A Field Study of Atmospheric Corrosion of Carbon Steel after Short Exposure in Pelabuhan Ratu, West Java Province, Indonesia
Keywords:Carbon steel, Atmospheric corrosion, Coastal region, Relative humidity, Chloride deposition
The investigation of atmospheric corrosion of mild carbon steel as representative of offshore infrastructure has been carried out in the marine tropical of Pelabuhan Ratu, West Java, Indonesia. They are exposed up to 76 days of periods, and their corrosion rates are determined according to ASTM G1-03. The surface morphology, the elemental compositions and compounds were observed using a scanning electron microscope (SEM), energy dispersive spectroscopy (EDS) and X-ray diffraction (XRD), respectively. The environmental parameters of the test site are monitored during exposure, such as air temperature, relative humidity (RH), airborne salinity and dew temperature. Based on the results, the corrosion rates of steels were 2.79 and 2.8 mpy within the 27 and 76 days exposures, respectively. The presence of chloride deposition on the surface of steel can increase the severity of corrosion. Moreover, the detrimental effect of chloride was observed in rust product, which was covered by an oxygen element. The main phases of rust products present were magnetite (Fe3O4) and hematite (α-Fe2O3.H2O). Several cracks were observed in the rust layer, which tended to exfoliate and lose adherence and protectiveness from further corrosion attack.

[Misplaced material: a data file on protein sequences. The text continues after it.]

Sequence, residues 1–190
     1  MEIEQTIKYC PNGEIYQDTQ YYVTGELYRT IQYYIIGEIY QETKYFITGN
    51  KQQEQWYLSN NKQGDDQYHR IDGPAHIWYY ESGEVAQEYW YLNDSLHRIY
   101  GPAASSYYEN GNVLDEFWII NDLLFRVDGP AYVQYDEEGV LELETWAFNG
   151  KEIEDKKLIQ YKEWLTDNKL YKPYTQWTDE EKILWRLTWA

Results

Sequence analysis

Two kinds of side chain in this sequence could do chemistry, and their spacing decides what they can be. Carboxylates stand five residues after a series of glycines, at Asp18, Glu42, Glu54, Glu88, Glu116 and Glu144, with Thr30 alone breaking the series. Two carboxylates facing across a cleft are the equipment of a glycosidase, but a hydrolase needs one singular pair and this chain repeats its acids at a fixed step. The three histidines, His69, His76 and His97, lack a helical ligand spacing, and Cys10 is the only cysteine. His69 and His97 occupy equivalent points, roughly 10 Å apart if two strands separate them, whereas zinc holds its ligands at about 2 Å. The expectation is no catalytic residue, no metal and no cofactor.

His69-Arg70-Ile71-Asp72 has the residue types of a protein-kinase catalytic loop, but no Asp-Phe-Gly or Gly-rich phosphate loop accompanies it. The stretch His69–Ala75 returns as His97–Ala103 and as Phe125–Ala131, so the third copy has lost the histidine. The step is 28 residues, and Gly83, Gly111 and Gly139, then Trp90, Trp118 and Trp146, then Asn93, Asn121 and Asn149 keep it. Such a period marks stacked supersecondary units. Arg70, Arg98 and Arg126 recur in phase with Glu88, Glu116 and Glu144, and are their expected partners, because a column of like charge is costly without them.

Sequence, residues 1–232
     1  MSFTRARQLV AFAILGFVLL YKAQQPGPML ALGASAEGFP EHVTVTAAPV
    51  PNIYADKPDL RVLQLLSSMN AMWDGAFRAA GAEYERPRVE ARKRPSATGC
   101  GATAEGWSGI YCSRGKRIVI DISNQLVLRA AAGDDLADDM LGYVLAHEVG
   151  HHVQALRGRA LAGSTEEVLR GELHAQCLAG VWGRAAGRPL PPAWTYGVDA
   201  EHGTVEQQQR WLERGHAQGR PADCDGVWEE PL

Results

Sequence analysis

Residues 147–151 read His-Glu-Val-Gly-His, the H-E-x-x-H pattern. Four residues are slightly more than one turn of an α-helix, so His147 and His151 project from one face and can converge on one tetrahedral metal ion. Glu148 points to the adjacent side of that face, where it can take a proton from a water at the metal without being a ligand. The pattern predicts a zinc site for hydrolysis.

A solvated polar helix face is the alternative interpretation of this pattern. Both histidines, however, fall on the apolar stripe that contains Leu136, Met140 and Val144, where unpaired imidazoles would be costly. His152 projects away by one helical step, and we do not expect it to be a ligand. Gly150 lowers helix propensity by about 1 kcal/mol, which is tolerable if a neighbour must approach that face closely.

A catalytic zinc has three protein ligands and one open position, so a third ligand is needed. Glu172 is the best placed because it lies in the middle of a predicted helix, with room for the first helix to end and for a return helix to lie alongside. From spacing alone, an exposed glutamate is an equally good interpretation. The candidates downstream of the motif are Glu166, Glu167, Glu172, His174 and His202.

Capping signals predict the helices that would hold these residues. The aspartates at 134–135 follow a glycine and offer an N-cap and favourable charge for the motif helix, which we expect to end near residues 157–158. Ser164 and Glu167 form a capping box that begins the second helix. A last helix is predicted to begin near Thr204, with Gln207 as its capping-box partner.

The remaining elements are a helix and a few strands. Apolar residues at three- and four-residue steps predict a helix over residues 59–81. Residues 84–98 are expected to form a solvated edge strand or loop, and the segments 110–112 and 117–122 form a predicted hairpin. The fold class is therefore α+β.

- The presence of chloride deposition on the surface of steel can increase the severity of corrosion.
- The severity of corrosion attack mainly depends on the exposure time and some climatic parameters, such as relative humidity (RH), air temperature and chloride airborne.
- The uniform distribution of the chloride tends to increase the production of ferrous chloride in high RH condition and the aqueous layer deposited on carbon steel.
- There are two phases on corroded carbon steel such as hematite (α-Fe2O3.H2O) and Magnetite (Fe3O4) after exposure
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